A Work In Progress. Period.

A writer whose work I admire has been mildly griping lately about some of his friends. He’s not a griping kind of guy, and this is more of an observation on his part with some attitude lightly sprinkled on top.

I don’t know any of these people. I just read.

He’s older than I am, by a few years. I’ll say he’s 67. I’ve been reading him for nearly 20 years, although we’re not friends and have never met. So I have some sense of his thinking.

And this recent griping has to do with friends of his—one assumes around the same age—who as they get older are now focusing a lot on the old part. There’s been some morbid talk about mutual acquaintances and other irritating things, and this writer wants none of that. He’s still doing the kind of work he’s always done, and he sees no reason to change or accept changes he doesn’t care for.

So. Some of this I understand. I get irritated at friends and their ways all the time now. It’s the nature of social media, and it feels like it might be the nature of age cohorts, too. I look to my contemporaries for signs of inappropriate aging all the time.

On the other hand, this guy has had two major surgeries in the past decade or so. They were unremarkable and he never complained, just treated them as minor inconveniences to be dealt with. Good for him. I admire this.

But they sure seemed to me to be related to age, and wear, so I do wonder if there’s a little graveyard whistling going on. Maybe he doesn’t care for all the God I’m old! talk because he has some concerns. I have absolutely no idea and can’t really speculate more than this. He seems fine and I like his attitude, generally.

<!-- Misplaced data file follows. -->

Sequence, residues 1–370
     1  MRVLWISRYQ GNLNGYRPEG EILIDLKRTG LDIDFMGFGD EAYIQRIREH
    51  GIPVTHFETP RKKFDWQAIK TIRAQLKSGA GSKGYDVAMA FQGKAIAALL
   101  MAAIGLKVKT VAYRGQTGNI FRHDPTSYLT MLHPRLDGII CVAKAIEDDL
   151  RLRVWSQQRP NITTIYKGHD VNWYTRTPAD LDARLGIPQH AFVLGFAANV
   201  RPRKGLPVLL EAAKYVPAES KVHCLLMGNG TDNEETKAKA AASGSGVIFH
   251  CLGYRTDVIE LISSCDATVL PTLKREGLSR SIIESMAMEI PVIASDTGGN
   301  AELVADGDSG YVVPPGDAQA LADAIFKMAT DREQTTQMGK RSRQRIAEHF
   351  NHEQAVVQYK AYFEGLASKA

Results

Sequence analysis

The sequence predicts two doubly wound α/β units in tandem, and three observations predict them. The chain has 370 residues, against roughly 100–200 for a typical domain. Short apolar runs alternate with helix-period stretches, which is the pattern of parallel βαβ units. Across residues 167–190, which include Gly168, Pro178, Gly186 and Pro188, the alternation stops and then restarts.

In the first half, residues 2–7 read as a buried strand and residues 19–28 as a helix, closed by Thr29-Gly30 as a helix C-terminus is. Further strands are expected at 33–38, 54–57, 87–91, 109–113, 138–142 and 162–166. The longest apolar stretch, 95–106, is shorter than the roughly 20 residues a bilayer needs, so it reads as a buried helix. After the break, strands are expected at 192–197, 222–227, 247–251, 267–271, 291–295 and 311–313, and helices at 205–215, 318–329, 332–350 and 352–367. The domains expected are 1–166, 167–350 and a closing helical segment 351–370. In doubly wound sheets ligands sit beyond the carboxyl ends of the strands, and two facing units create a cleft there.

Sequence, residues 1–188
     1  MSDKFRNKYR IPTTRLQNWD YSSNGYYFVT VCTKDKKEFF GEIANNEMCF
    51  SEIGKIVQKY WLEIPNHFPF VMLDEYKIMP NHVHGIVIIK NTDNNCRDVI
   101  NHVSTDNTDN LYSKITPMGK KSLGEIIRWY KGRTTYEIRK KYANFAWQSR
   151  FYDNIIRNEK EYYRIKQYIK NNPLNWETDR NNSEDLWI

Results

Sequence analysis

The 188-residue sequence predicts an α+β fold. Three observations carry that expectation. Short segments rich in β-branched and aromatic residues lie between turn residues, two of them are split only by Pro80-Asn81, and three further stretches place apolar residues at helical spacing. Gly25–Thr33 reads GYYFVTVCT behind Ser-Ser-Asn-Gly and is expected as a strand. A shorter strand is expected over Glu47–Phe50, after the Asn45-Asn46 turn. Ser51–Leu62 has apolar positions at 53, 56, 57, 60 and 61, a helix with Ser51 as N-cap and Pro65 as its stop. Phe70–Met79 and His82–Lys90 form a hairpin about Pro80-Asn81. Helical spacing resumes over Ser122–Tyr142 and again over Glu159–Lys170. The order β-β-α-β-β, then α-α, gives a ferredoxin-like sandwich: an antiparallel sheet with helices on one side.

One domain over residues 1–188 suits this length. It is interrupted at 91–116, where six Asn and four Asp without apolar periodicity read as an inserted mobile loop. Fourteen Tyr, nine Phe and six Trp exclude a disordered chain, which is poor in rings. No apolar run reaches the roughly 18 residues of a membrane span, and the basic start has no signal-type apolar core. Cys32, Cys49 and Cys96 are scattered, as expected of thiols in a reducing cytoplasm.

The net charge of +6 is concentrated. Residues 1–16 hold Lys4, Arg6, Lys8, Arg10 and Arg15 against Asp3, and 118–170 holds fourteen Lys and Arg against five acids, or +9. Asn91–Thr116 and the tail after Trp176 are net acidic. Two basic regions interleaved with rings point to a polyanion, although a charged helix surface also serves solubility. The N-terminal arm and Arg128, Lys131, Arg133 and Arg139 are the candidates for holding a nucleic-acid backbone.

It just reminds me that the tendency to bury one’s head in the sand about certain things is counterproductive. The only physical signs of aging that bother me at all have to do with my senses, my eyesight and hearing. It’s annoying, this slow deterioration that feels undeserved, but I can’t ignore it.

And I can’t ignore what I might be like in 10 years. I have to be proactive and aggressive, and I’m pretty sure I will be, and still I can’t control this. So I have to focus mostly on attitude, and that’s why I’m interested in how others are adjusting to inevitabilities.

I heard a couple of conversations recently, interviews with interesting people, that are driving a lot of this. I haven’t been able to nail it down yet, and I’m not trying to work it out here. It has to do with communication, and how different age groups approach it.

A lot of this involves attempts at humor, on my part. There’s nothing academic about this. I’m just trying to make jokes. My observations still count, I think. Doesn’t matter.

A tiny observation, but one my wife and I have been having fun with lately, is how people of a certain age respond online, or at least in text messaging. This wasn’t inspired by listening to those conversations, but they confirmed what we’d been joking about.

And it’s so small! Just a tiny piece of our modern puzzle, but it’s real and fascinating to me. You know all about it, too, or I suspect you do.


I want to note that the period is my favorite punctuation mark, or the one I find the most flexible. I do love a full stop in the right place. You’d think it would be the semicolon, but nope.